I know I keep repeating myself, but Lois McMaster Bujold is a good storyteller, and this is another good story. Bujold helps the reader to understand Ekaterin, who will continue to be an important character in the later Vorkosigan Saga books. The love smitten Miles is absolutely darling. Bujold takes on the issues of disability, genetic disorders, prejudice, and women’s rights & roles. Compared to other books in the Vorkosigan Saga, Komarr does not have as much adventure and defying of authority. The variation in plot styles from book to book helps keep the Saga interesting.

Tuesday, May 17, 2011

Memory (Book)

Harra Csurik* had been almost right. It wasn’t your life again you found, going on. It was your life anew. And it wasn’t at all what he’d been expecting.
Miles. Memory. Milestone. Mystery. Melding. In Memory, Lois McMaster Bujold chronicles a turning point in the life of Miles Vorkosigan. Miles turns 30. After mishandling his seizure condition, he is forced to leave the Barrayaran military as well as the Dendarii Mercenaries. He is at loose ends and possibly dangerous to himself. --Although, he does manage to accidentally find Emperor Gregor a wife during this time-- When Simon Illyan, the long suffering and Miles-abused head of Imperial Security, suffers damage to the memory chip implanted in his brain, Miles feels compelled to help. Soon, Miles is drawn into a mystery. In order to solve it, he must combine his personas of Lord Miles Vorkosigan and Admiral Naismith.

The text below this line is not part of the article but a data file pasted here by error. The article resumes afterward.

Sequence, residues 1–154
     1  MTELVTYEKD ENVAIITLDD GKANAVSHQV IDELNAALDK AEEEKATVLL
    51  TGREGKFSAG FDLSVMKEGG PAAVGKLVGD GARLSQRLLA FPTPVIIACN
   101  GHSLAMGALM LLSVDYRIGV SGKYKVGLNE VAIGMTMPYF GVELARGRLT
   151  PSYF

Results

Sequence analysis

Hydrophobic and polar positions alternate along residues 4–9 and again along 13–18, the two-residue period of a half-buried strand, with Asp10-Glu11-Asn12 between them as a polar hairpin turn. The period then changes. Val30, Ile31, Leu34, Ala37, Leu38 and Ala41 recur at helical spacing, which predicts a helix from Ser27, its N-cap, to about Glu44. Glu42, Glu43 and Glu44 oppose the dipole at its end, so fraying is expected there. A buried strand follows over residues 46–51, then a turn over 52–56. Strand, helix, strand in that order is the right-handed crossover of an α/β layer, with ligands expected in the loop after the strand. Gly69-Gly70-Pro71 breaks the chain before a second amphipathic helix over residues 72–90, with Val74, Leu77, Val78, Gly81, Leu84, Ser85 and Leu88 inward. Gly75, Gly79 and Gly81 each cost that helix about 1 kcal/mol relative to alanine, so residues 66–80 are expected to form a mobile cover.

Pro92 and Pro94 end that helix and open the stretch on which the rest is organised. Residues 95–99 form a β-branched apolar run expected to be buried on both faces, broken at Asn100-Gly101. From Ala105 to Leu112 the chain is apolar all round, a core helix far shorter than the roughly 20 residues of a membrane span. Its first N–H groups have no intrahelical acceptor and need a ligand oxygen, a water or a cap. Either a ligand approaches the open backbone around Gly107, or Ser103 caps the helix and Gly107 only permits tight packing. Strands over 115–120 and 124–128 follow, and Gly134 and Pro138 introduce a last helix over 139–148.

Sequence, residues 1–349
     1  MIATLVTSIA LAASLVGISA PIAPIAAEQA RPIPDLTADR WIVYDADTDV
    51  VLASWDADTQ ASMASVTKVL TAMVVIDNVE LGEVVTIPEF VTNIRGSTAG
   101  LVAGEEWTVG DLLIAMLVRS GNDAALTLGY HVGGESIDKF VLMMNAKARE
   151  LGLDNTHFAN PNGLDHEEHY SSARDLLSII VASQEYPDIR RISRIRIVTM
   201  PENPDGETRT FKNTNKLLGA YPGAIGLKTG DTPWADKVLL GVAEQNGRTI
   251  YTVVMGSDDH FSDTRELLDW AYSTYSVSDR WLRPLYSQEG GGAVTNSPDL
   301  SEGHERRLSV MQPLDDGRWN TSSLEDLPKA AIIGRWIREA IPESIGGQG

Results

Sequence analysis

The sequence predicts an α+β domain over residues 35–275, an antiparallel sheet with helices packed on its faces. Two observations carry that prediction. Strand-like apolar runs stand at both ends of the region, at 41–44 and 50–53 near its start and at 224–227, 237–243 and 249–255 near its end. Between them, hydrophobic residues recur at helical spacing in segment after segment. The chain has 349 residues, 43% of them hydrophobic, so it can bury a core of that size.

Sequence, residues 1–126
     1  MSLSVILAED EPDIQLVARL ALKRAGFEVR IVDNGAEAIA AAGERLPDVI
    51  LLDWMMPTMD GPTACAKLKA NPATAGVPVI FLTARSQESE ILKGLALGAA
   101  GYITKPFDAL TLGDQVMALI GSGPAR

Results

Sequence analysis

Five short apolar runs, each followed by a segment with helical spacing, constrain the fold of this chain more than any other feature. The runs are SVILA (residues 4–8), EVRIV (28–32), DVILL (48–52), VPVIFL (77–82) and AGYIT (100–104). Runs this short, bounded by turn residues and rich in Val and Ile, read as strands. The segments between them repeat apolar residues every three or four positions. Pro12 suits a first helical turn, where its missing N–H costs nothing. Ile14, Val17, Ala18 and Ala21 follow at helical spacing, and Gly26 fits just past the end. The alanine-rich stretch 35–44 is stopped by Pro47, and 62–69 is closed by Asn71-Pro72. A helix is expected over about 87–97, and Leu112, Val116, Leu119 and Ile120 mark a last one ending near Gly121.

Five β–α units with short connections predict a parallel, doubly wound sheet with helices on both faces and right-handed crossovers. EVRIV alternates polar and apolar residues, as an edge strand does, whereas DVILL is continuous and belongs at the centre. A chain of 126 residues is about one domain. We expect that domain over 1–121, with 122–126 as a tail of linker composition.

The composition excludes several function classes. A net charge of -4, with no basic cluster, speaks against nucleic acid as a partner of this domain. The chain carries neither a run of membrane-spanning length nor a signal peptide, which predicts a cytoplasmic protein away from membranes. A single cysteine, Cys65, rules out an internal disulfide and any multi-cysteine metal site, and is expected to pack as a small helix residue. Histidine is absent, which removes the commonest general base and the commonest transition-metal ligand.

Memory is the tenth book in the Vorkosigan Saga. It was nominated for the Hugo, Nebula, and Locus Science Fiction awards. While not actually winning any awards, I believe it is tremendously rewarding for those who have been following the saga. The story contains the usual humor, some deep moments, and a healthy dose of mystery. It draws on many of the plot lines from earlier stories, looking at them from a more mature Miles perspective. And, as always, it is nice to catch up with old “friends.”

*Harra Csurik is the woman whose baby was murdered in Border’s of Infinity. Miles visits her a decade later in Memory.

Monday, May 16, 2011

A Fire Upon the Deep (Book)